Brexit will have a fundamental impact on food and drink prices, with foodservice inflation expected to rise by 3.4% in 2017 alone, David Read, chief executive of Prestige Purchasing has warned.

Read said that even before Brexit, with Sterling’s deprecation likely to settle at around 15-20%, it could be assumed a total impact on food and drink prices of around +5%.

Sterling’s weakness is also likely to affect the cost of oil, which will in turn increase the cost of food transportation – though 52% of food produced in the UK, which is less affected by exchange rate movement.

Read was speaking at the launch of the Foodservice Price Index (FPI), a new measure developed by Prestige Purchasing and CGA to more accurately reflect food costs in foodservice as opposed to the Consumer Price Index (CPI).

The measure shows that while retail prices have deflated at -2.5% YTD, foodservice prices have inflated at an average of 0.5% YTD, with a gap between the two of 5% in September 2016.

In particular, the index showed a gap opening up between the consumer and foodservice cost of fish and seafood as a result of seasonal price movement.

It was not all doom and gloom, with the possibility of sanctions against Russia ending and its thawing of relations with the west predicted to lower the price of wheat as the country vies to become the number one producer in the world.

In the longer term, Read warned the government’s lack of post Brexit Food and Farming Strategy, and withdrawal from the Common Agricultural Policy (CAP) could have a major impact on food costs in the future.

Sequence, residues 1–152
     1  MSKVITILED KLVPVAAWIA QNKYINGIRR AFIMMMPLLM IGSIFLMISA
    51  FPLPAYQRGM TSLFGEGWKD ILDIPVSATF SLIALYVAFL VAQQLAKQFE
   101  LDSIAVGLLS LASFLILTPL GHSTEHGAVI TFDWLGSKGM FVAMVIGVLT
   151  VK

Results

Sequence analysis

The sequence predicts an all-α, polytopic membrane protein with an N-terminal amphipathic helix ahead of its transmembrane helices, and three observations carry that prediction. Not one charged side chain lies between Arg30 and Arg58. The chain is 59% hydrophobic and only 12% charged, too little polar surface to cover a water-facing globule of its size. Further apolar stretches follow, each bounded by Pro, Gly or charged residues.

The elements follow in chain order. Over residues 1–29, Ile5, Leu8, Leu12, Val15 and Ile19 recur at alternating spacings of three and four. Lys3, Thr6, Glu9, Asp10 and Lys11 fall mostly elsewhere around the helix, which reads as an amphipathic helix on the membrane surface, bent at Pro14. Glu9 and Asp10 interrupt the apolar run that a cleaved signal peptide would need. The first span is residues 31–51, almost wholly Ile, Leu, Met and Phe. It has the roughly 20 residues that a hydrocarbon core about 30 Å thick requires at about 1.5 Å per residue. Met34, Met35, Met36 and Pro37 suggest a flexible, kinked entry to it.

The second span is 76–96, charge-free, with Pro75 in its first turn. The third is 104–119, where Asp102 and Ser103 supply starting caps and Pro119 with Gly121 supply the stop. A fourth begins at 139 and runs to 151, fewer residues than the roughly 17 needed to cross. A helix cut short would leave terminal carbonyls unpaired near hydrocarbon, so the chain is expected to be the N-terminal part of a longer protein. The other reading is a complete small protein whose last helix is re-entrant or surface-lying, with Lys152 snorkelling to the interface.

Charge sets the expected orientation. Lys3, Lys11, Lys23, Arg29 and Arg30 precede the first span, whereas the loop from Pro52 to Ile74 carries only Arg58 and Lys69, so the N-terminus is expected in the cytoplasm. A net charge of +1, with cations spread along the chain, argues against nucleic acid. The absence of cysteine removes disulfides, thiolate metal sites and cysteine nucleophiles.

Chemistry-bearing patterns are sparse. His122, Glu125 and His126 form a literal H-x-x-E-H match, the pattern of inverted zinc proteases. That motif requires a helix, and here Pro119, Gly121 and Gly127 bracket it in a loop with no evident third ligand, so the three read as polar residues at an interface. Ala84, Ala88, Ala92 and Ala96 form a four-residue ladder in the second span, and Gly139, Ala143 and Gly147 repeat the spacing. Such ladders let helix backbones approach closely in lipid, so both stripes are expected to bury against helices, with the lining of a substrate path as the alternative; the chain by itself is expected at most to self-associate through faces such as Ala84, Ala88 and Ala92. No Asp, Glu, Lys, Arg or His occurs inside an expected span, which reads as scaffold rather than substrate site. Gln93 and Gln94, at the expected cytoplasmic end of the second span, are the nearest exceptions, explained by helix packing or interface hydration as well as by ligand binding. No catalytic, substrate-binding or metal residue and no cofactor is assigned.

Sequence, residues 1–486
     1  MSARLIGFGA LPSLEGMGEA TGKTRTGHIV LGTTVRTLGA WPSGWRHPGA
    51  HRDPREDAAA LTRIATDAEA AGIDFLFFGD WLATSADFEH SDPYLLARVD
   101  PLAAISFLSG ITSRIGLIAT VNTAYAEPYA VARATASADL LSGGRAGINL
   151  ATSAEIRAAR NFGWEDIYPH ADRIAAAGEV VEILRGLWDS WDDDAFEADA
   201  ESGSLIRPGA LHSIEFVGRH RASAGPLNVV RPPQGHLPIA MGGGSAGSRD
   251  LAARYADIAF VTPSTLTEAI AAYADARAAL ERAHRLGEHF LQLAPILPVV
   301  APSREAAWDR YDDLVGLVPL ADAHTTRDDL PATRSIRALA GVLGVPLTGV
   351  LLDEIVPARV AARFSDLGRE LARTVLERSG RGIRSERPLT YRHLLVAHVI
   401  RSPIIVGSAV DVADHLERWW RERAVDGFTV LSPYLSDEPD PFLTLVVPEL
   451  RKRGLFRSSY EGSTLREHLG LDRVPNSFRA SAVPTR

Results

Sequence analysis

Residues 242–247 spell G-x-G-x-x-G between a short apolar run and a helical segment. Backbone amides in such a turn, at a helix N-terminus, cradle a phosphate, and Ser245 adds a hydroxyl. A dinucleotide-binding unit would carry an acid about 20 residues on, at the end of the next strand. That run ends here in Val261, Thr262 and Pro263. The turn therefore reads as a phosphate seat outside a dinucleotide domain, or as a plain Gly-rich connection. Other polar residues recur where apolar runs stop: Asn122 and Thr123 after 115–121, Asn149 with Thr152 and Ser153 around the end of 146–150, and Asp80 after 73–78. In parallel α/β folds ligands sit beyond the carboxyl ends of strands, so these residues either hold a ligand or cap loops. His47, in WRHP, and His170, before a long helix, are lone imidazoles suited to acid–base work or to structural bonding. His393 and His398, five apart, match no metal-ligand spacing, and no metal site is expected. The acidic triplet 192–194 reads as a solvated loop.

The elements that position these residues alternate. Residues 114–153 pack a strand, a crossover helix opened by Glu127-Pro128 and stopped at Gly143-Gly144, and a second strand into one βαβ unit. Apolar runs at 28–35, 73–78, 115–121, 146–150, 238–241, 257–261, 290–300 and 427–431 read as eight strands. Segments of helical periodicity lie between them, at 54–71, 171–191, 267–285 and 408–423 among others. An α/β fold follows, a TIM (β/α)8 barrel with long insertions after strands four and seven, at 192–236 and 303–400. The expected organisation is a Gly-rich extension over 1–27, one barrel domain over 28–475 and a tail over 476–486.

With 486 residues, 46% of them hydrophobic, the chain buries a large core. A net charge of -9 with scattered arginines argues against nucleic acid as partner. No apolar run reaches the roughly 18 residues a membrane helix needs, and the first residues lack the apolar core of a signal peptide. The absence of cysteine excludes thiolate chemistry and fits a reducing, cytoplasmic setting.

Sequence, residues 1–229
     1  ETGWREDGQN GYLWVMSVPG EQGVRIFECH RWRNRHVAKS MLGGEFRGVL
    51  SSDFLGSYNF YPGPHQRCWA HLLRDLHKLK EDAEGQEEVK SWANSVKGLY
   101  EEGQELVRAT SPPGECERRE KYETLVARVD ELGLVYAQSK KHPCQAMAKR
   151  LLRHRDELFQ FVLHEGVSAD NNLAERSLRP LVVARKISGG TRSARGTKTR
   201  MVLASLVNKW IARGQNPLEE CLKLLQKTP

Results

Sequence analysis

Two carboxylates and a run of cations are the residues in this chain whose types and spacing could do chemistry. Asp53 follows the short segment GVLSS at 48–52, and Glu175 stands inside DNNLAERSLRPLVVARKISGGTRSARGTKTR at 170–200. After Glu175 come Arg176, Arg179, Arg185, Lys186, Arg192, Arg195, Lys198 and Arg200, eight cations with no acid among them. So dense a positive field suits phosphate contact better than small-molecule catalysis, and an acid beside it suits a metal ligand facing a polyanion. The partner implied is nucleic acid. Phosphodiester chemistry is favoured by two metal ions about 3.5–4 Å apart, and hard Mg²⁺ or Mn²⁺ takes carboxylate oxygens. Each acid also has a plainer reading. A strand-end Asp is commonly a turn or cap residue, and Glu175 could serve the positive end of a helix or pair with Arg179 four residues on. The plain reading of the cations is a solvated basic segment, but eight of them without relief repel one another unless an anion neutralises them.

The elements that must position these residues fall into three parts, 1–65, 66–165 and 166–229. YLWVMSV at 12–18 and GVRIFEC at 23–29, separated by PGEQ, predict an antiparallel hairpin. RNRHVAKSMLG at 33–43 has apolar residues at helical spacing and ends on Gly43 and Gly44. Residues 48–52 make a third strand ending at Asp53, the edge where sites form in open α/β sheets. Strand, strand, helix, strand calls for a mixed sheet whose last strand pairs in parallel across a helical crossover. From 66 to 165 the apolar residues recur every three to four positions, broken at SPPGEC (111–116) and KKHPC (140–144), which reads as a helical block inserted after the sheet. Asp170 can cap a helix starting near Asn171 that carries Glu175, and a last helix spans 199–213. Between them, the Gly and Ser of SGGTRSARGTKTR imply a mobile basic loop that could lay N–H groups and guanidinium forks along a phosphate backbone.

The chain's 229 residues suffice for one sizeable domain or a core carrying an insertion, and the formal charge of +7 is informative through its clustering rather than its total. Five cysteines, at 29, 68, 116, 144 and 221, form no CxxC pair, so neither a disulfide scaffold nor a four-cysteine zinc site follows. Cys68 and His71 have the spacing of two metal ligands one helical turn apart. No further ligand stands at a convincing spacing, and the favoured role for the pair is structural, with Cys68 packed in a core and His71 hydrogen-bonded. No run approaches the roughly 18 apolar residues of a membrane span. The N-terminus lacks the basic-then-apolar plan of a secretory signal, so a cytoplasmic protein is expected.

CAP costs 58bn Euro – nearly 40% of the entire EU budget – with UK farmers receiving 3.1bn Euro in direct payments, with 55% of UK income from farming coming from CAP support.

Read said: “How the UK farming industry is supported once we leave the EU is critical – politically, financially, environmentally, and from a food security perspective.

“No guarantees have been given by the government about what, if anything, will replace CAP – although it is generally accepted that some sort of alternative subsidy regime will be introduced.

“Farmers are concerned that public opinion will argue against matching the £3bn currently received from the EU, so primary producers may find their incomes under threat. This could result in many going out of business and could also have a direct impact on food prices as supermarkets are forced to increase prices to ensure security of supply.”

Read also cautioned that food and drink prices were particularly vulnerable to trade deals, particularly when considering the £22.8bn trade gap on food and drink in the UK, with 29% of all food consumed in the UK imported from the EU.

CGA and Prestige Purchasing will produce a monthly report into foodservice prices.